Chlorine bleach is often regarded as the “go-to” cleaner for challenging work in many houses. Mould eradication does necessitate the use of a heavy-duty cleaner, but many of the risks of bleach have lately gained media attention, prompting people to reconsider how they clean.
Clean Mould With Bleach
Mould is a species of fungus that is neither plant nor animal. This essentially implies that, unlike plants, it cannot generate energy from the sun or actively “search” for food in the same way that animals do. Mould must thus be opportunistic in order to thrive. To reproduce, it periodically releases tiny spores into the air in quest of a suitable habitat to dwell in. It simply needs a few things to live: water, warm temperatures, and a food supply. Once it has found the ideal habitat, it may begin to develop incredibly quickly, sometimes within 24 hours! This is why we frequently see mould blooms after flooding, water damage, and undiscovered busted pipes, among other things…
So, now that we know how it works, how should we treat it? Big bleach labels have assured you that nothing else will do the job. Although chlorine bleach is well-known for its disinfectant capabilities, it is not the ideal solution for mould. Chlorine bleach’s primary function is to disinfect and, well, bleach or change the colour. But what normally occurs following use? The mouldy colour appears to be gone, but it frequently returns after a week or two, and sometimes worse! Most homeowners do not realise that the response is caused by bleach rather than a severe case of mould. The truth is that if the mould is not eliminated from the material, it will very certainly reappear.
Is bleach effective against mould?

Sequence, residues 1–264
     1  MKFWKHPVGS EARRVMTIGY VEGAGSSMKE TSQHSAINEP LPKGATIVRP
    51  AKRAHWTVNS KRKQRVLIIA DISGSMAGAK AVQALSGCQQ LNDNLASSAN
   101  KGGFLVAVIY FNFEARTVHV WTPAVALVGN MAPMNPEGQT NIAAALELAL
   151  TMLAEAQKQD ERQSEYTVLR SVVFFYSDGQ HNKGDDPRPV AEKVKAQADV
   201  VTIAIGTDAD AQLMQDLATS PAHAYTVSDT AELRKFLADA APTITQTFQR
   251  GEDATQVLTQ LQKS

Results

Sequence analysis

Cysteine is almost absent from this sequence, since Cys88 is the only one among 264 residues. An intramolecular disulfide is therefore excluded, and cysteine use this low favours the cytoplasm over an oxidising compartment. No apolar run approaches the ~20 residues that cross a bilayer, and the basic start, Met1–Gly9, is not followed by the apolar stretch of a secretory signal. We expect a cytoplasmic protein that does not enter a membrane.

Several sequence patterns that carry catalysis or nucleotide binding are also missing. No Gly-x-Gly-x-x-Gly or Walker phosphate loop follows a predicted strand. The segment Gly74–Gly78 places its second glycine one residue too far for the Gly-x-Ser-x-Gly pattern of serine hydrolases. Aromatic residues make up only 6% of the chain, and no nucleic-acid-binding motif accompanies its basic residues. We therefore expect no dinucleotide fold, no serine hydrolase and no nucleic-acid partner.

Yes, but there is a catch. Chlorine bleach is only effective on a “hard, non-porous surface,” according to the label. This implies that chlorine bleach is not designed to “soak in.” As a result, its disinfecting effects are confined to hard surfaces such as tile or glass. So here’s the issue: Mould spores extend their roots (Mycelia) deep into a permeable surface to ensure life. Mould removal necessitates a cleaner reaching deep into wood and other porous building materials to remove or “take out” the roots. Bleach’s characteristics prevent it from seeping into these materials. The top mould appears to be gone (it has been bleached white), but the interior mould continues to develop.
Mould and bleach Here are a few facts to keep in mind:
- In rare circumstances, bleach will induce harmful mould growth where it did not previously exist.
- Only bleach can remove the mould’s green tint. Although the surface appears clean, internal roots will continue to develop.
- Caustic chlorine bleach is severely damaging to wood and many other surfaces. When bleach is put on wood, it weakens it by breaking down its fibres. This might lead to other issues with the home’s structural stability.
- When bleach and ammonia combine, they produce a lethal gas
- Remember, ammonia is present in urine. Using bleach in the toilet might potentially result in the production of a poisonous gas.
- Bleach is a hazardous substance that is classed similarly to gasoline.
- Chlorine, in its gaseous state (at room temperature), emits Dioxins, a recognised carcinogen.
- Bleach is extremely damaging to the skin. A hydrolysis process occurs when exposed to naked skin. This indicates that the “oily” sensation is caused by the top layer of your skin dissolving!
- Not only is bleach harmful to your health, but it will also exacerbate your mould problem in the long term.
A better and safer alternative to chlorine bleach:
Mould spores, whether dead or living, can still be allergic. In extreme circumstances, depending on the material, it may be necessary to replace it. Hard surfaces that have not been damaged by dampness can be saved and cleaned. In this case, we offer UltraMean-2, a non-toxic, non-chlorine, oxygen bleach-based detergent with the ability to penetrate and take out deeply buried (mould) roots. Always remember to take the essential steps to keep yourself safe. To avoid being exposed to hazardous mould spores that can make you sick and spread to other areas of the house, certain precautions must be followed. Safety equipment such as gloves, masks, and goggles are always suggested.
Following the cleaning and drying of the surface, it is critical to apply a mould preventive. This step should NOT be skipped! Mould can always reappear if it has already happened.